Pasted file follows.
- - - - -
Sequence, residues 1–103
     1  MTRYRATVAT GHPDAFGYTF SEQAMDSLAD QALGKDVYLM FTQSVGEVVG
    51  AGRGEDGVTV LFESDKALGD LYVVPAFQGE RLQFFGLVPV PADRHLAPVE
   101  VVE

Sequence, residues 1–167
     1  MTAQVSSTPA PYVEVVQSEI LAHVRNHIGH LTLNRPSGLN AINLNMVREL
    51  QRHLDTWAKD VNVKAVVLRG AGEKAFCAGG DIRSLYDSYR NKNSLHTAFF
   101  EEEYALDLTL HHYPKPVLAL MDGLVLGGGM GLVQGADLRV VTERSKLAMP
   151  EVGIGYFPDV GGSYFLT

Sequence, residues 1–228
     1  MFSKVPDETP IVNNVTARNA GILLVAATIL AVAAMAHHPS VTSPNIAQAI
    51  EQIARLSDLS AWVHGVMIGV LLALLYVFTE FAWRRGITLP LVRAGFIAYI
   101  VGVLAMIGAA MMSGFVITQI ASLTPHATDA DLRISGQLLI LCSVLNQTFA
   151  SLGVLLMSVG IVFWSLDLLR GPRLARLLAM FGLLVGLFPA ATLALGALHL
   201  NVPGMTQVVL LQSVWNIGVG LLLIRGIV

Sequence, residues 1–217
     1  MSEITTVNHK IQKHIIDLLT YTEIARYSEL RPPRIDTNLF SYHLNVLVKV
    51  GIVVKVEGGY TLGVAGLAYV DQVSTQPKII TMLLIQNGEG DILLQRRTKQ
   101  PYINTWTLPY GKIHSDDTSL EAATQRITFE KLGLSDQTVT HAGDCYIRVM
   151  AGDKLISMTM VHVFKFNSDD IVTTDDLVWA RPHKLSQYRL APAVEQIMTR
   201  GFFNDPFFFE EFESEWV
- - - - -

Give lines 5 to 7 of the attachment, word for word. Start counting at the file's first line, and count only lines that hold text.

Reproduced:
Sequence, residues 1–167
     1  MTAQVSSTPA PYVEVVQSEI LAHVRNHIGH LTLNRPSGLN AINLNMVREL
    51  QRHLDTWAKD VNVKAVVLRG AGEKAFCAGG DIRSLYDSYR NKNSLHTAFF